• use new digital models of information exchange to create greater visibility for theological knowledge and insights from churches of the global South;
  • make use of information and communication technologies to counter imbalances in global theological education systems;
  • respond to the needs of theological colleges, faculties and institutes of growing churches in the global South for quality resources for theological education and research;
  • overcome barriers to accessing existing digital content providers;
  • promote understanding of the diverse expressions and understandings of Christianity worldwide; and
  • foster theological exchange within and between countries and regions.


GlobeTheoLib is a project of and is supported by a consortium whose founding institutions are and the World Council of Churches.

The Network partners with World Association for Christian Communication has signed a partnership agreement with the World Association for Christian Communication (WACC), a global organization based in Toronto, Canada, that promotes communication rights for social change.WACC believes that information and knowledge sharing underlie people’s ability effectively to communicate their needs and concerns. It has long advanced communication rights as a platform for participatory communication development, as well as supporting the production of print, audiovisual, and digital resources on different aspects of communication.

Through the partnership agreement, a WACC collection of publications and documents will be established in the library. They will include a series of articles from its international journal, Media Development, regional and national reports of the Gender Media Monitoring Project (GMMP), selected articles from its Centre for Communication Rights (CCR) and a wide range of publications and resource documents from its members and partners worldwide.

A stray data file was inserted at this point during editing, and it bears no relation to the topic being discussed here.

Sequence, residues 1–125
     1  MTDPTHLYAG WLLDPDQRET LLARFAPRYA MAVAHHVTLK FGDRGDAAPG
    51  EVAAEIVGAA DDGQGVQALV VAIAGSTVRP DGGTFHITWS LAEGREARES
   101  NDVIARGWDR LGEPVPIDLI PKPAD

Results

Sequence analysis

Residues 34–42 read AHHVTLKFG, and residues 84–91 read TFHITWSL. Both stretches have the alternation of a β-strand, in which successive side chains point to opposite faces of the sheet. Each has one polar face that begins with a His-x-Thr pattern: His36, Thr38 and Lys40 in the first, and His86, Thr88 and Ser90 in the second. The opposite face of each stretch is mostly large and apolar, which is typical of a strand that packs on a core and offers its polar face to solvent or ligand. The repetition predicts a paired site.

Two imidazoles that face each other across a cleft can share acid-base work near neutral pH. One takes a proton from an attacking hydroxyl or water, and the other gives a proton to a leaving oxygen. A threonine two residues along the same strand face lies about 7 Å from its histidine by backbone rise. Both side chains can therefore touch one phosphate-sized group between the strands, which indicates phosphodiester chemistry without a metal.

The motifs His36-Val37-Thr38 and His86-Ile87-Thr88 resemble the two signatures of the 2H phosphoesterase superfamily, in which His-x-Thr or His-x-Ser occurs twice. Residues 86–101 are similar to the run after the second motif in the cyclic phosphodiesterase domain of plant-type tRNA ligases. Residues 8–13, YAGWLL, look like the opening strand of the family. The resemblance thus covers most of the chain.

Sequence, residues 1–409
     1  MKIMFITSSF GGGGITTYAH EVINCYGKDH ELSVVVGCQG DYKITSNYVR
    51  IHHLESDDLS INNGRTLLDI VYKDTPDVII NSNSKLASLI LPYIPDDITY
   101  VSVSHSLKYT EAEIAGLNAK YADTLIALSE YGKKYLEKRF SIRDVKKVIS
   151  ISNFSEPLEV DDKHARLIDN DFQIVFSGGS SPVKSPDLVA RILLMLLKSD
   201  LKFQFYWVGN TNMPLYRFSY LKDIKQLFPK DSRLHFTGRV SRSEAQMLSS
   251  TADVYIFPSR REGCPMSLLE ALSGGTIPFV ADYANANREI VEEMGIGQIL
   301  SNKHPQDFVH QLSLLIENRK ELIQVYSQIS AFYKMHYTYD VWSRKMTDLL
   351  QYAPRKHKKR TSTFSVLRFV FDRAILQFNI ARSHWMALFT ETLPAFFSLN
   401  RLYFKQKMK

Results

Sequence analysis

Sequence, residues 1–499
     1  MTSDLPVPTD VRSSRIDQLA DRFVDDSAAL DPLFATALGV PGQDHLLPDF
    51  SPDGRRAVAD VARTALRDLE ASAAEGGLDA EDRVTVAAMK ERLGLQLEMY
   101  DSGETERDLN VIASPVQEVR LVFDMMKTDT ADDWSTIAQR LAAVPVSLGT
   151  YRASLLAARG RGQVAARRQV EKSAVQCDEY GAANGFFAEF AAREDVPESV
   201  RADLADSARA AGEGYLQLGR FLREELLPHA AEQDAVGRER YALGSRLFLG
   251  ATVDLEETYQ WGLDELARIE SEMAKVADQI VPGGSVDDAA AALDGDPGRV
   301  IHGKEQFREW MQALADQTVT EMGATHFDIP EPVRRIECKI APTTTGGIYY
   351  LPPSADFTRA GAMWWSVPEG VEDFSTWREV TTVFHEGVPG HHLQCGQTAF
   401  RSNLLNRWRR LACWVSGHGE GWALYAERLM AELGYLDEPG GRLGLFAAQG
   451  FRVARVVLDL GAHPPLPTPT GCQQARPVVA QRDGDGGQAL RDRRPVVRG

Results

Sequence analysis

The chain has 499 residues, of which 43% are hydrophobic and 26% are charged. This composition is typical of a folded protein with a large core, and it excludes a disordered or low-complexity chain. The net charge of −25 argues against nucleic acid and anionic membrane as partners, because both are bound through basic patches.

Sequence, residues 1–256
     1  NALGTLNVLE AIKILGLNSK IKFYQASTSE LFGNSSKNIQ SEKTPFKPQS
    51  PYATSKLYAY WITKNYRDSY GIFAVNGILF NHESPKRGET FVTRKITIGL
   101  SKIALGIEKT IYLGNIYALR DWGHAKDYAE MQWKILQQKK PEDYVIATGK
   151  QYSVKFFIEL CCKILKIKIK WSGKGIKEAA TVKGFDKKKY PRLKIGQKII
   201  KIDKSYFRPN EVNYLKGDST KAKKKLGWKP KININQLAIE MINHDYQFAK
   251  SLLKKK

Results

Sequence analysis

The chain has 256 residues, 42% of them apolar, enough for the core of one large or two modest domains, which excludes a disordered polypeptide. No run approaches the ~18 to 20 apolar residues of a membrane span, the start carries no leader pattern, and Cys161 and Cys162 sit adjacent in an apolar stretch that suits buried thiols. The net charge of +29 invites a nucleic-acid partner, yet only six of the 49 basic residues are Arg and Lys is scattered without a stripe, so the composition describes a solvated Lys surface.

WACC and will also promote the possibility for WACC members and its global partners to submit documents directly to the libraries.  
WACC General Secretary, Karin Achtelstetter, thanked for entering into partnership with WACC, noting that this new venture will immensely benefit its members and partners around the world. “WACC and share a common interest in overcoming the digital divide. Members of both networks will highly benefit from this new partnership,” said Achtelstetter. WACC’s Centre for Communication Rights portal contains a wide range of publications and resources about communication rights. Links to the portal and the GMMP (whomakesthenews) website as well as the waccglobal website will be provided on the website.
Christoph Stückelberger, Executive Director and Founder of, said: " and WACC share a goal in wanting to offer solutions to ethical challenges on a global scale. Through this agreement, WACC's groundbreaking research and action on communication ethics will become available to participants throughout the world. At the same time WACC and its members will be able to make use of the global ethics library, networking and research facilities that offers."
The idea for was born during the first phase of the World Summit on the Information Society (WSIS) in Geneva in 2003. The WSIS was promoted on behalf of civil society by members of the Communication Rights in the Information Society (CRIS ) Campaign, for which WACC provided the global secretariat.